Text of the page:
NSF Announces 2009 Alan T. Waterman Award Recipient
Harvard Astronomer David Charbonneau to be honored in May of this International Year of Astronomy
The National Science Foundation (NSF) is proud to announce that 34-year-old David Charbonneau, currently the Thomas D. Cabot Associate Professor of Astronomy at Harvard University, will receive its 2009 Alan T. Waterman Award. Discover Magazine's 2007 Scientist of the Year, Charbonneau's research focuses on the development of novel techniques for the detection and characterization of planets orbiting nearby Sun-like stars--extra-solar planets, also known as exoplanets.
The annual Waterman award recognizes an outstanding young researcher in any field of science or engineering supported by NSF. Candidates may not be more than 35 years old, or seven years beyond receiving a doctorate, and must stand out for their individual achievements. In addition to a medal, the awardee receives a grant of $500,000 over a 3-year period for scientific research or advanced study in their field.
"David Charbonneau is an extremely talented, young scientist," said NSF Director Arden L. Bement, Jr. "His selection is especially noteworthy in this International Year of Astronomy, as the world focuses on breakthroughs in astronomy and how these discoveries affect the lives of those on earth. Charbonneau is one of the best in his field, engaging in stellar research now and providing great hope for future discoveries as his research progresses along with his impressive career."
As a graduate student in 1999, Charbonneau used a 10-centimeter (4-inch) telescope to make the first detection of an exoplanet eclipsing its parent star, which yielded the first ever constraint on the composition of a planet outside the solar system. He was a founding member of the Trans-Atlantic Exoplanet Survey, which used a worldwide network of small automated telescopes to survey hundreds of thousands of stars, discovering four more planetary systems through the eclipse technique.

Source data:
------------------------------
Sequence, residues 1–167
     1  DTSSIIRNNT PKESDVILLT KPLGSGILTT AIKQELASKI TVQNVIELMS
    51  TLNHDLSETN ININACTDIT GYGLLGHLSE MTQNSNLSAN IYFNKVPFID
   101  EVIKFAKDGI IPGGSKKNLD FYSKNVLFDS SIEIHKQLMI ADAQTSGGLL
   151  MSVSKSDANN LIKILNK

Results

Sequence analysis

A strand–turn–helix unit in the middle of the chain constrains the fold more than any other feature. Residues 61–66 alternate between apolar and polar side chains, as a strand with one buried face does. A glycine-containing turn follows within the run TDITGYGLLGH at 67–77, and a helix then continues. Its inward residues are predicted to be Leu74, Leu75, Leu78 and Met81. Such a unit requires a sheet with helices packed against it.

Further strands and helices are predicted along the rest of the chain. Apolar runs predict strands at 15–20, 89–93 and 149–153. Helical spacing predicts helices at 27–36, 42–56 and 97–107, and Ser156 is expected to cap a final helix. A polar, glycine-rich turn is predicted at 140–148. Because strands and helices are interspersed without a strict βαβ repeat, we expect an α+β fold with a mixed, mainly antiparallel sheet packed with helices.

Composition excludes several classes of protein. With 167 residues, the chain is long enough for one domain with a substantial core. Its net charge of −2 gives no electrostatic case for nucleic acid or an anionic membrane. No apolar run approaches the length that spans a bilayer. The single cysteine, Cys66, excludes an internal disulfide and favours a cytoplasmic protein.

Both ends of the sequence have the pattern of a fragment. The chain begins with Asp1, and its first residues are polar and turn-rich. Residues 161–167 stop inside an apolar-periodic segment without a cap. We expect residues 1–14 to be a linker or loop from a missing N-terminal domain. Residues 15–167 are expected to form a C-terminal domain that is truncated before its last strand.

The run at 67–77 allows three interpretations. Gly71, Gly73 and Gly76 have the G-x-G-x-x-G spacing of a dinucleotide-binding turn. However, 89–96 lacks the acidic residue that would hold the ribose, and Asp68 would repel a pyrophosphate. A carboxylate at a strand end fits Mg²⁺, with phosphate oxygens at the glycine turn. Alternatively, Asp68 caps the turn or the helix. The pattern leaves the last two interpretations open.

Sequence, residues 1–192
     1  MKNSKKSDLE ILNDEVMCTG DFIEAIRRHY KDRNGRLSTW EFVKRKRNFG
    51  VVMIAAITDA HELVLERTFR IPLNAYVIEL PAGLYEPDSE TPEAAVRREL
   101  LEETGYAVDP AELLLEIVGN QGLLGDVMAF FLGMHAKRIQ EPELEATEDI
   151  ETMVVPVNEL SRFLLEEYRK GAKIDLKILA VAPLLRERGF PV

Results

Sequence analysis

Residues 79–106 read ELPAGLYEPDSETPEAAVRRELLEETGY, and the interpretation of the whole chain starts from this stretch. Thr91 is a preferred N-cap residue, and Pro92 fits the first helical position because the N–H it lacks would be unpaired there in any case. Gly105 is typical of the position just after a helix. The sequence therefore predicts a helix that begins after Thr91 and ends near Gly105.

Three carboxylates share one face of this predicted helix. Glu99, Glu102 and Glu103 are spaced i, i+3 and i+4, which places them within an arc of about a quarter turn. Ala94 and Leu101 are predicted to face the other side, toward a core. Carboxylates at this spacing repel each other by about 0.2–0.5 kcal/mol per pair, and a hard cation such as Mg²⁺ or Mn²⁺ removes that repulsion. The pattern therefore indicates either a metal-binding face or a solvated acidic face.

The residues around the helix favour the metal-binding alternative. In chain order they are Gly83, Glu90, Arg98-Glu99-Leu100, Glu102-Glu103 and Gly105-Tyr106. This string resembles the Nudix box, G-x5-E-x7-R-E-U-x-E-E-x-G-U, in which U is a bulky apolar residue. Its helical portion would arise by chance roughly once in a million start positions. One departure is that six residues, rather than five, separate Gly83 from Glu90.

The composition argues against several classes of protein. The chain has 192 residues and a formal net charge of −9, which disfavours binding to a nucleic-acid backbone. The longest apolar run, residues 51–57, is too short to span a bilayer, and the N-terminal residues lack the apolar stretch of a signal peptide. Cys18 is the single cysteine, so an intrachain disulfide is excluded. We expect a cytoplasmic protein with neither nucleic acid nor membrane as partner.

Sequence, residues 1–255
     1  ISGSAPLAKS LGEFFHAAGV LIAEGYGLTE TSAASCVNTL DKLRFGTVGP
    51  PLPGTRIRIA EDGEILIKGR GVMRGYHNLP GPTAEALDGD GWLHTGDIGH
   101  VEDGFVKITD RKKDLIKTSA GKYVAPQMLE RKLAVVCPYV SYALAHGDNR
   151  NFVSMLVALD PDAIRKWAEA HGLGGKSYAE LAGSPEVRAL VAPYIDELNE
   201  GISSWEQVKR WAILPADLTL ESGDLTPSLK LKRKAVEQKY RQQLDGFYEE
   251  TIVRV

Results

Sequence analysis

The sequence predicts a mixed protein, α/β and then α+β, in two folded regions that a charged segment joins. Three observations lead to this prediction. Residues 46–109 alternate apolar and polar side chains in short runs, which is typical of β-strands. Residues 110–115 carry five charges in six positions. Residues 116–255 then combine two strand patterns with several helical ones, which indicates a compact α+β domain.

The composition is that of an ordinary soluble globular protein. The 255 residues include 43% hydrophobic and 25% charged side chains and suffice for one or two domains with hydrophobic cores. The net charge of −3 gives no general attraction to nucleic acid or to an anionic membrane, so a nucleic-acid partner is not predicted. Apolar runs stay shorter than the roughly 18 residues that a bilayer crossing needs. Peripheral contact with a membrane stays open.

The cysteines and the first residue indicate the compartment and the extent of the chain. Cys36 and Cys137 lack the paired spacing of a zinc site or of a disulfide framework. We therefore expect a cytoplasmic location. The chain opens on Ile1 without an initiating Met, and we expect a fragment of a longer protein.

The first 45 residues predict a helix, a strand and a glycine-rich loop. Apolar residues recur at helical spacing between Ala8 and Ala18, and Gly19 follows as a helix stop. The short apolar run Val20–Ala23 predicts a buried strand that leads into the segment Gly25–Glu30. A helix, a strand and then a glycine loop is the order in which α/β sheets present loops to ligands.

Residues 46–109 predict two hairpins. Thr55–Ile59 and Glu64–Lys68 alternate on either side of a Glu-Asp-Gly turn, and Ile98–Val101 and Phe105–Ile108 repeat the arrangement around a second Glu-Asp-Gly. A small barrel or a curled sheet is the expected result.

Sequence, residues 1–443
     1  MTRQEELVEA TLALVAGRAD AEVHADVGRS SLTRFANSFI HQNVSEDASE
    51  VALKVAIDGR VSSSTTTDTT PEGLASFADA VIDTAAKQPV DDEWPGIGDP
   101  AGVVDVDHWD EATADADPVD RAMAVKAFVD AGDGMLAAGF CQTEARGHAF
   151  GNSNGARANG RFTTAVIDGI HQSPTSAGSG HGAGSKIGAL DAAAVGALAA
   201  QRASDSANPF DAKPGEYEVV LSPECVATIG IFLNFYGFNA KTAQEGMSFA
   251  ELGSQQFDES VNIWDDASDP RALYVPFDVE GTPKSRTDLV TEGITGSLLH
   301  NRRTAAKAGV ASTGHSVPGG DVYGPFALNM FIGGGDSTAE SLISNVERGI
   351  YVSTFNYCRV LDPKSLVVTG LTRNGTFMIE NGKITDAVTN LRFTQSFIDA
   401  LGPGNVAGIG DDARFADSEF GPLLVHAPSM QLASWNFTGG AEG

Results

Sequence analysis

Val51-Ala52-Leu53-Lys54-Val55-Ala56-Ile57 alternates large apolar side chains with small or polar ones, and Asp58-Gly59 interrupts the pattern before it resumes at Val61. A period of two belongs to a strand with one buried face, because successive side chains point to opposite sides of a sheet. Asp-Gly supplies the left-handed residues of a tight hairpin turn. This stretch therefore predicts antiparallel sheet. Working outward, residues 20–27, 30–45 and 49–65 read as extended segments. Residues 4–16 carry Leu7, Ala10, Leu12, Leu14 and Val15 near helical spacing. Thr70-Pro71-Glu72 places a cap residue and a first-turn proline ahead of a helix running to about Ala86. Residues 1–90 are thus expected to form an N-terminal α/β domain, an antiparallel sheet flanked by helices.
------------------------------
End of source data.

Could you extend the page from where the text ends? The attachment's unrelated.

Charbonneau also pioneered the use of space-based observatories to undertake the first studies of the atmospheres of these distant worlds: In 2001 he used the Hubble Space Telescope to directly study the chemical make-up of the atmosphere enshrouding one of these exoplanets, and in 2005, he led the team that used the Spitzer Space Telescope to make the first direct detection of the light emitted by an exoplanet.
He is a member of the NASA Kepler Team and is currently leading the NSF-funded MEarth Project. Each of these projects aims to detect Earth-like planets that might be suitable abodes for life beyond the Solar system.
Charbonneau earned his doctorate in astronomy from Harvard University and his undergraduate degree in math and physics from the University of Toronto.
In addition to winning the NSF's top award, Charbonneau has been awarded many distinctions through the years. In 2004, the Astronomical Society of the Pacific awarded him the Robert J. Trumpler Award for his graduate thesis entitled "Shadows and Reflections of Extrasolar Planets." He was recently named an Alfred P. Sloan Research Fellow (2006-2011), and awarded a David and Lucile Packard Fellowship for Science and Engineering (2006-2008), and the NASA Exceptional Scientific Achievement Medal (2006).
Charbonneau will receive the medal at an awards dinner on May 13, 2009, at the U.S. Department of State, details for which are forthcoming.
The National Science Foundation (NSF) is an independent federal agency that supports fundamental research and education across all fields of science and engineering. In fiscal year (FY) 2016, its budget is $7.5 billion. NSF funds reach all 50 states through grants to nearly 2,000 colleges, universities and other institutions. Each year, NSF receives more than 48,000 competitive proposals for funding and makes about 12,000 new funding awards. NSF also awards about $626 million in professional and service contracts yearly.
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